Date of Award
Master of Science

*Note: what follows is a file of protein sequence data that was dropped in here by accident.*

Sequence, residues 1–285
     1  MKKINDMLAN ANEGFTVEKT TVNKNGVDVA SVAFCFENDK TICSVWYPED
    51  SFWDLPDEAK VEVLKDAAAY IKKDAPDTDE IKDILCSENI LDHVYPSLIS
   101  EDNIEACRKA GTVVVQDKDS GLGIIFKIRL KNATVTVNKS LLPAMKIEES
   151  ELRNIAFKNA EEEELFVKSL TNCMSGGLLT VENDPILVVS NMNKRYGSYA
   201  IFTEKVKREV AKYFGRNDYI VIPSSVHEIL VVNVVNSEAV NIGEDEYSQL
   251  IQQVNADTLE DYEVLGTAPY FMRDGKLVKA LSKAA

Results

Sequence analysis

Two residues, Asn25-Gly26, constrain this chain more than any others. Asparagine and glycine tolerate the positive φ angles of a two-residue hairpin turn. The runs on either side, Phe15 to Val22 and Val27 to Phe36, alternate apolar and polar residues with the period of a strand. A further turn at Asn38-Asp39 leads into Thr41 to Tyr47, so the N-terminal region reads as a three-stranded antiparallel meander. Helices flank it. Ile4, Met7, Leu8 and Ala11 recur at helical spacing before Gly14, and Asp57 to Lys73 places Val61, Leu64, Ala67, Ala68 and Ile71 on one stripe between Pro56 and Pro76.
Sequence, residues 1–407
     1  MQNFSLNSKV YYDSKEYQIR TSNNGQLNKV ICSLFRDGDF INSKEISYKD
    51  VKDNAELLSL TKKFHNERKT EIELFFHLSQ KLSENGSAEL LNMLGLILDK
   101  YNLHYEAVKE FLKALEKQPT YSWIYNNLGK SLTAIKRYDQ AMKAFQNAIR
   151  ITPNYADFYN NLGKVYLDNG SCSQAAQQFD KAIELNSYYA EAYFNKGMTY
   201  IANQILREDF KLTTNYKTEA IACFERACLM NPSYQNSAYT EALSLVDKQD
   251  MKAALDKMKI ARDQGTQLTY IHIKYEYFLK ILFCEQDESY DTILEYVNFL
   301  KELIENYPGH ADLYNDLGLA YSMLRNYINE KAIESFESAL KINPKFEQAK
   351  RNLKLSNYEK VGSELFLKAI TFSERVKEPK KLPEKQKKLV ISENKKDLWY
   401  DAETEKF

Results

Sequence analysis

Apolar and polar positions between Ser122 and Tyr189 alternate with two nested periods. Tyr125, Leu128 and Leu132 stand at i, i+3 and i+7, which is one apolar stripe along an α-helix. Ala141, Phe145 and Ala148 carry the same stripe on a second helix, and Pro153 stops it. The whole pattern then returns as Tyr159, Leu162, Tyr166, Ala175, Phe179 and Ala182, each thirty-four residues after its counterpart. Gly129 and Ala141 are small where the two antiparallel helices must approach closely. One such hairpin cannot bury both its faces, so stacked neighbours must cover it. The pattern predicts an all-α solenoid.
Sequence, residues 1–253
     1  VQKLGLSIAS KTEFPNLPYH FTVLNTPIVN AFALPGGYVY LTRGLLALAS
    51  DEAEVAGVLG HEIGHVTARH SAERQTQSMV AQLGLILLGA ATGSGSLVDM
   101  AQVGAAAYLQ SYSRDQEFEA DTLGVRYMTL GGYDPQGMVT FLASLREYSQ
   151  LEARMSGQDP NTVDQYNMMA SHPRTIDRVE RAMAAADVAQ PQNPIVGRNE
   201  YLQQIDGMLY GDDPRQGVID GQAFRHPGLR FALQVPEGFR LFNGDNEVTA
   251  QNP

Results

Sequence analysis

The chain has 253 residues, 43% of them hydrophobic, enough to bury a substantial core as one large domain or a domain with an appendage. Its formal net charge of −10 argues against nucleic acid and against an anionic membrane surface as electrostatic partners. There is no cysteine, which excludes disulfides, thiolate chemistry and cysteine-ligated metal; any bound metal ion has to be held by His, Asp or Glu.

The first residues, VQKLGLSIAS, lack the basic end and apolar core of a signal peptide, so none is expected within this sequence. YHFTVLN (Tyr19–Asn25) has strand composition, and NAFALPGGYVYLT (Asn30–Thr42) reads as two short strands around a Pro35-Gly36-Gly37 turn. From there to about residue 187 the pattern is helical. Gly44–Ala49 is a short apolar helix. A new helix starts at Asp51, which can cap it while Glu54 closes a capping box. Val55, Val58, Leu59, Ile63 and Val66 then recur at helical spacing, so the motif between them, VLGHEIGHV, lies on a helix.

Worker exposure to coal dust in underground mines remains a major health hazard. This research has: 1) Analyzed the wetting characteristics of less than 10 micron dust particles using a novel micro-emulsion technology (MET) at bench scale and prototype scale with emphasis on agglomeration of dust particles, and 2) Simulate airflow and dust dispersion patterns on a longwall mining face using CFD modeling techniques to compare the current and proposed spatial distributions of water sprays around a longwall shearer. With the “Final Dust Rule” adopted by MSHA in 2014 and slated to go into full effect August 16, 2016, this research is a significant contribution to the coal industry. A suitable micro-emulsion containing 0.2% oil and 0.0125% didodecyl-dimethyl-ammonium bromide (DDAB) was identified. For assessing the wettability of coal dusts, a slightly modified version of “Fixed Time Wettability” or FTW (Chugh et al., 2004) was employed. These wettability tests however, did not yeild true wettability using the MET. An analysis for both unwetted and wetted portions of coal dust using particle size distribution curves (PSD) confirmed agglomeration when treated with the emulsion. For the unwetted portion, 96.6% of the particles had sizes greater than 25 μm after treatment with MET. Similar data for wetted dust was 100%. Experiemental studies in a 4 ft x 4ft x 10 ft chamber showed 12-15% improvement in respirable dust when using MET as compared to water alone.. Validated computational fluid dynamics (CFD) models were used to study airflow patterns and the interaction between sprays and airflow for designing both engineering and administrative controls around a longwall face. Two important zones – low air velocity (LAV) and recirculation (RC) – were identified around the model of a longwall face. These zones were located: 1) Behind the headgate drum and 2) Above the shearer chassis. Analysis of a modified geometric configuration of sprays on the shearer chassis showed improved coverage for wetting the dust on the longwall face. Numerical modeling comparisons were made between current spray systems and spray systems proposed by Dr. Y. P. Chugh using the concepts of “Continuous and Discrete Phase Modeling”. Analyses included changes in airflow patterns caused by spray systems and dust dispersion tracks generated from the cutting face. Chugh’s spray system was able to effectively eliminate RC zones existing above the shearer body, thereby minimizing the extent to which coal dust enters the walkway of the longwall face where workers are located. The proposed spray system used concepts of multiple wetting points for dust, air-locks, and venturi to wet the dust and direct the dust-laden air from mine workers. These improvements can be used in longwall mines as engineering controls for meeting new dust control standards.
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